Airdate 12/11/75
Production: Richard Levinson, William Link, Peter S. Fisher and Michael Rhodes
Production: #43603
Teleplay: Peter S. Fisher 
Story by: Rudolph Borchert 
Directed by Seymour Robbie
With: June Lockhart (Claudia Wentworth), Simon Oakland (Norris Wentworth),
Nehemiah Persoff (Mustafa Haddid), Ross Martin (Dr. Otis Tremane), John Larroquette (Bellboy), Nancy Belle Fuller (Margie Coopersmith), Wallace Rooney (Harry), 
Charles Macaulay (Critic).

Ellery Queen dictates a novel throughout this adventure, having injured an index finger while using a can opener, Recalling, perhaps, Nabokov’s famous remark to Edmund Wilson on the latter’s fictional female characters, that he would as soon use his penis to open a tin can.

Inspector Queen has to solve the case of a museum benefactor who has been found dead after the premiere of his exhibit, the sarcophagus of Amon-Ra. Ellery suspects murder, but a heart condition is indicated.

Now, there is a great deal of hugger-mugger surrounding the victim, who is unloved by his family, detested by an Egyptian antiquary as a graverobber, and loathed by the museum director, whom he humiliates. There is a cloud of suspicion around this Mæcenas as a profiteer in the recently-concluded war, who sold defective planes as in All My Sons.

Spoiler WarningIn fact, the dutiful guard who found the body has a Gold Star flag in his office, and caused the death by brandishing a pistol, which made the moneybags keel over.

Simon Oakland plays the victim as a careless sort of vulgarian, amusing and helpless. June Lockhart plays his wife, who is leaving him for Ross Martin as the patient museum director. Nehemiah Persoff is the Egyptian.

The strangeness of the artifice is intensified rather than diminished by the abandonment of Hollywood lighting in a piece set in 1946. There are amusing touches in Peter S. Fischer’s script, such as the broken driver’s-side window in the victim’s car (he locked his keys in), the ceremonial golden key found in the middle of the bunch on his key ring, the medicine in the wrong coat pocket.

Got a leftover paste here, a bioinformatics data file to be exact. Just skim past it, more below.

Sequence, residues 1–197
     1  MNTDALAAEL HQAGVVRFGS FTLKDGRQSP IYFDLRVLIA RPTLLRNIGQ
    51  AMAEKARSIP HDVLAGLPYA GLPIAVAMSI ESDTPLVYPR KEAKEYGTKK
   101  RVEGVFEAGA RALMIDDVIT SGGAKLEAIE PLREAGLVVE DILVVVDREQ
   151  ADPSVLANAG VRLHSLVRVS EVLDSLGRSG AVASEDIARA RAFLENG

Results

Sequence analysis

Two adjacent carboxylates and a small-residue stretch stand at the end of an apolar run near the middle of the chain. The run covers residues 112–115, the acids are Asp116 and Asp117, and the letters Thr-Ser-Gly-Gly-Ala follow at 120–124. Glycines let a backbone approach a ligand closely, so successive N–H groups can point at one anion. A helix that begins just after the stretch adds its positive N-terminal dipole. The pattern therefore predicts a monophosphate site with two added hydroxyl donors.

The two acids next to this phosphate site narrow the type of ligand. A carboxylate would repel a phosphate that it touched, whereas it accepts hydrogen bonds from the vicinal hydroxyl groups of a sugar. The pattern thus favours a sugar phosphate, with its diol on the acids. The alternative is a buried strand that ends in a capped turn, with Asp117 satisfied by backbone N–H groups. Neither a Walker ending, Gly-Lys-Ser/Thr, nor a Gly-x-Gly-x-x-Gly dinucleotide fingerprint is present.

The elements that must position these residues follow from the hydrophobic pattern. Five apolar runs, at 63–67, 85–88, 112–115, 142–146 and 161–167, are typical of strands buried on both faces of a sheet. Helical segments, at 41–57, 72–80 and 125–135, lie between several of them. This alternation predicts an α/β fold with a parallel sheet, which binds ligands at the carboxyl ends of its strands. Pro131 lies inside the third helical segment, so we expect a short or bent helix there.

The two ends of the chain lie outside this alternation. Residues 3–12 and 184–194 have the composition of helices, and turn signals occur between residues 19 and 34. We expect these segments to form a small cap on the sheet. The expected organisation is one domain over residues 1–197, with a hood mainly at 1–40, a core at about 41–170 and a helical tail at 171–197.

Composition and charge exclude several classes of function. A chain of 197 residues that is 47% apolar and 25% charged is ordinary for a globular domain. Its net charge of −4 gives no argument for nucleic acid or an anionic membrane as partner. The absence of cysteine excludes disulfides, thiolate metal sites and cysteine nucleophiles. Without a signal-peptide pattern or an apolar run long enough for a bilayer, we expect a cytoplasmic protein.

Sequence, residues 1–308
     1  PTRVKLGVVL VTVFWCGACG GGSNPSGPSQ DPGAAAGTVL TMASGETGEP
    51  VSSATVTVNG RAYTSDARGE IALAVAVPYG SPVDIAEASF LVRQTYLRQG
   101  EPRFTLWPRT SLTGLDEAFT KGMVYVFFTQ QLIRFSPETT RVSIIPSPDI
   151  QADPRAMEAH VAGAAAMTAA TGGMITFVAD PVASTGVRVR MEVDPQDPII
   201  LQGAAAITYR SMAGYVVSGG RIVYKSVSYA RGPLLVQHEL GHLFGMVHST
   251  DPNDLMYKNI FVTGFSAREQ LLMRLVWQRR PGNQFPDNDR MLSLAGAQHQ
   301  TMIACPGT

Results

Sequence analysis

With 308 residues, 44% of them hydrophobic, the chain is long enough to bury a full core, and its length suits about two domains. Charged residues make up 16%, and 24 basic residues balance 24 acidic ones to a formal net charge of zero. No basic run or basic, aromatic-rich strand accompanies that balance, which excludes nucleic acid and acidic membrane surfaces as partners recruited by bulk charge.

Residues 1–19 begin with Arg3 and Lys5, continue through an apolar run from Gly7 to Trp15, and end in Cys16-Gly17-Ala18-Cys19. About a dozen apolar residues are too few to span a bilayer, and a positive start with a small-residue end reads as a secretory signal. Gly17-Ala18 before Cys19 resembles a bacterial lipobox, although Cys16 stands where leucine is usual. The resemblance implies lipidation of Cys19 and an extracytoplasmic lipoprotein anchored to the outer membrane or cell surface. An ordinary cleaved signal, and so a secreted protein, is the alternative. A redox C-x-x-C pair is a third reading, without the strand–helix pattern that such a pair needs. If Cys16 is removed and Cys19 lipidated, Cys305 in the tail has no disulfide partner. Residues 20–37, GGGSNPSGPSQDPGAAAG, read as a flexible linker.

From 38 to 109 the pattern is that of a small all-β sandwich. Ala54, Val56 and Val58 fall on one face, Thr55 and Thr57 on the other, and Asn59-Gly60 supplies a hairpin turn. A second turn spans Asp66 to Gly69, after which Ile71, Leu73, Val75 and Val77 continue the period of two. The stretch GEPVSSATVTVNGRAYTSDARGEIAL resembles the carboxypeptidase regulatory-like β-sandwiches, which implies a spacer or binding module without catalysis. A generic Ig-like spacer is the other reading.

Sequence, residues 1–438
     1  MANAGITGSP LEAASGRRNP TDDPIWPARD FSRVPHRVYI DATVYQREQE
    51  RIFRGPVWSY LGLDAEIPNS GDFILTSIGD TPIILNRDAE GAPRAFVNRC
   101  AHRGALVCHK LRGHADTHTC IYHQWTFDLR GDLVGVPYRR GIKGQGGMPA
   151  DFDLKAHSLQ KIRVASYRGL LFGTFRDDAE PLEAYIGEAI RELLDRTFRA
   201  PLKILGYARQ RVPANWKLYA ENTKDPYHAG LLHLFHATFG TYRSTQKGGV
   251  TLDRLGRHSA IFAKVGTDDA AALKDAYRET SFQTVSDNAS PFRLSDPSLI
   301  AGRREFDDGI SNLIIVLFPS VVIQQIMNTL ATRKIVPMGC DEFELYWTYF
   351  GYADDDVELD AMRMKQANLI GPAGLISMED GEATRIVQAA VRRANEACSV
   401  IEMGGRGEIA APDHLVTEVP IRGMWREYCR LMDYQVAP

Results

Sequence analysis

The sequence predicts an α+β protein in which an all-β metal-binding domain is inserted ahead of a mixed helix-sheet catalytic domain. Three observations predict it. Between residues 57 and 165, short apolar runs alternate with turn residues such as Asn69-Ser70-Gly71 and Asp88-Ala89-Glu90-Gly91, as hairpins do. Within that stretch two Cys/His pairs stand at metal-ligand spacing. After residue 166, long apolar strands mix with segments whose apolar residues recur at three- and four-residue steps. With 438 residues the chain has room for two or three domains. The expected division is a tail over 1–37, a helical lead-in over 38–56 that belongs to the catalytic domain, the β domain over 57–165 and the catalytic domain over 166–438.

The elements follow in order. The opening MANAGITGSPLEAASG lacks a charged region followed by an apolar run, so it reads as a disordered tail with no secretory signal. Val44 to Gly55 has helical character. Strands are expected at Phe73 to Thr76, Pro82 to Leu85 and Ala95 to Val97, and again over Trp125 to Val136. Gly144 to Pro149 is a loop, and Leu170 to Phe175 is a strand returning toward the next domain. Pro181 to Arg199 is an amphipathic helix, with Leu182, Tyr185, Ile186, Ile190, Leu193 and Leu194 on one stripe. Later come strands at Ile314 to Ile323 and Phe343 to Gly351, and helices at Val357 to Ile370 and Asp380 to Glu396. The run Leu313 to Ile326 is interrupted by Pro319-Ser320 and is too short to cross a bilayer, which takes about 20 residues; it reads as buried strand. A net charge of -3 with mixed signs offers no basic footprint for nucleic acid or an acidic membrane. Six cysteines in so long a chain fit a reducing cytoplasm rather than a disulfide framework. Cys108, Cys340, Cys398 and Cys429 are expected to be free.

Christopher J. Mulrooney used by permission)


12* "The Adventure of the Blunt Instrument"

"We're going to nip this thing in the bud. I've got the most fantastic cure-all. Hot lemonade and sassafras - mixed with the extract of a pound of calves' liver. And after a rub-down with menthol and oil of peppermint, you take a bath in scalding chicken soup - hold the noodles...."

The episode opens with an awards dinner sponsored by the "Crime Writers of America" announcing this years' recipient of their Blunt Instrument Award to be mystery writer, Edgar Manning for his book, "The Shanghai Solution". Ellery Queen is not in attendance, as he's at home with a head cold - a great running gag throughout this episode. At a gathering after the awards dinner, we see the story's principals at Manning's residence where each one seems to feel equal disdain for their host. After a sour toast, Manning goes into his study to call Ellery - intending to gloat over his win, where he is murdered while speaking to Ellery on the telephone. All Ellery hears is Manning's remark that some "rash person is there to balance the books".

Airdate 12/18/75
Directed by: Ernest Pintoff
With: John Dehner (George Tisdale) Joanna Barnes  (Camellia Justice),  Dean Stockwell (Cliff Waddell), Richard Jaeckel (Nick McVey),  Eva Gabor (Magda Szomony), 
Ellen Weston (Mary Parks), Clyde Kusatsu (Mateo) , Keene Curtis (Edgar Manning), 
Robert Cornthwaite (Osterwald)

This is very close to Mike Hodges’ Pulp in its defense of the writer against literary vivisectionists. A haughty scribbler wins the Blunt Instrument Award for Best Mystery Writer of the Year, and repines at its lowly status. He’s slain while talking on the telephone to careless rival Ellery Queen, whose opinion is given that the prizewinning novel is its author’s best work.

The suspects all were celebrating his victory at the author’s home, the bitter crime novelist whose work, according to the deceased, is “thinly-veiled pornography”; the secretary set to wed this rival; the publisher who cheats on royalties and whom the author is ready to flee for his ex-wife’s publishing house; the mistress of dubious citizenship and morals, an actress of sorts; and the Chinese houseboy with an Italian name.

Spoiler WarningThe murderer is the research assistant, who may actually have written The Shanghai Solution, a Marine Corps veteran with one good leg and two bad arms from Okinawa. The murder weapon is not as thought the Blunt Instrument Award itself, but a swift judo kick to the temple, and the motive is a proposal of love to the actress.

“There is no arguing with Johnson,” according to Goldsmith, “for when his pistol misses fire, he knocks you down with the butt-end of it.”

Christopher J. Mulrooney used by permission)

Part 2: 1976 episodes...


(1) Ellery Queen on the Small Screen by Francis M.Nevins Jr.
     in The Armchair Detective volume 12, 1979
(2) Ellery Queen - the TV series
Christopher J. Mulrooney, film critic by permission Heather Lowe 2016

Last updated October 23, 2016